Tuesday, January 19, 2016

Cockades for General Lee

On January 19, 1807, Robert Edward Lee was born in Virginia. He was to become one of the most famous generals of all time, often ranked by historians beside such luminaries as Alexander the Great, Hannibal and Napoleon.

One man observed of Lee: "He was a foe without hate; a friend without treachery; a soldier without cruelty; a victor without oppression, and a victim without murmuring. He was a public officer without vices; a private citizen without wrong; a neighbour without reproach; a Christian without hypocrisy, and a man without guile. He was a Caesar, without his ambition; Frederick, without his tyranny; Napoleon, without his selfishness, and Washington, without his reward."

After his death in 1870, people across the former Confederacy began to talk about raising a monument in his honor. In 1890, their dream was fulfilled and the Lee Monument in Richmond, VA was unveiled.

A Monument for Lee

The Lee Monument was a statue of the general on his horse, mounted on a high pedestal. (Though many mistakenly think the horse is Traveler, it isn't, because Traveler wasn't consider grand enough for the sculpture.)

The bronze figure was created in Europe and when it arrived in Richmond, thousands of people turned out to greet it. In fact, the people were so excited they personally dragged the wagons carrying the crates from the train to the monument site. Ropes that were used were later cut up as souvenirs that families saved for generations.

The monument was dedicated and unveiled on May 29, 1890. The audience was estimated to be 100,000-150,000 people. A parade that included 50 Confederate generals, 15,000 Confederate veterans and 10,000 citizens preceded the unveiling.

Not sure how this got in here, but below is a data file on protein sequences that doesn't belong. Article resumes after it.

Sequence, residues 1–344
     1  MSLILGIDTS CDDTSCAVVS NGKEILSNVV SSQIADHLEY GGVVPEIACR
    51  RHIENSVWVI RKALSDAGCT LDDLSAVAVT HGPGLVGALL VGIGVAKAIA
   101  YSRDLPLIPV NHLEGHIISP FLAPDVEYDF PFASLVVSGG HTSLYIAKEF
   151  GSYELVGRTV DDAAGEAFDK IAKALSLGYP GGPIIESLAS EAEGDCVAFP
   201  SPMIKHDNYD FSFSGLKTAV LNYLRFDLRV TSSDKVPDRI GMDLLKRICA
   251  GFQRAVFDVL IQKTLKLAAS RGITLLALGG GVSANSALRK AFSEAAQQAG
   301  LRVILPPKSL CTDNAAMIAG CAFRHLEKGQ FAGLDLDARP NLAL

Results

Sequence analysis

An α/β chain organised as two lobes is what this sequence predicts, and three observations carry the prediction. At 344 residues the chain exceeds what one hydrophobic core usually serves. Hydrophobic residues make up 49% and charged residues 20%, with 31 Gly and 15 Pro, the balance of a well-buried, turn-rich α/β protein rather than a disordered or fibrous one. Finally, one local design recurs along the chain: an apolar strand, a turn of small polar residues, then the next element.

A souvenir created for the dedication. 
To Generations Yet Unborn

There is a large section of the May 30 New York Times edition devoted to the dedication. The final paragraph of the dedication speech is included:

"Let this monument teach to generations yet unborn these lessons of his life. Let it stand, not as a record of civil strife but as a perpetual protest against whatever is low and sordid in our private and public objects. Let it stand as a memorial of personal honor that never brooked a stain; of knightly valor without thought of self; of far-reaching military genius, unsoiled by ambition; of heroic constancy, from which no cloud of misfortune could ever hide the path of duty. Let it stand as a great public act of thanksgiving and praise for that it pleased Almighty God to bestow upon these Southern States a man so formed to reflect his attributes of power, majesty, and goodness."

Interestingly, the same day the monument was dedicated in Richmond, the city of Charleston, SC also celebrated. St. Michael's Church, whose bells were cast into cannon during the war, and recast into bells afterwards, played Confederate music such as "Dixie" and "The Bonnie Blue Flag" on the bells all day.

American Civil War Museum

Souvenirs and Cockades

A Google search turns up quite a number of souvenirs from the dedication of the monument. Ribbons and medals galore were apparently seen in the crowd. And so were cockades!

General Wade Hampton wore this Palmetto Secession Badge at dedication. It was preserved and now belongs to the American Civil War Museum. This was a popular style of palmetto cockade during the war. Many museums in the South have these lovely southern emblems of the Confederacy.

Honor Lee and Jackson

I have created a special cockade to honor Lee and Jackson this month. You can order from my Etsy shop or my Ecwid shop (or from the link right below this). I'm always happy to work with you if you need a custom order or a group discount. Just send me an email or message me on Facebook!

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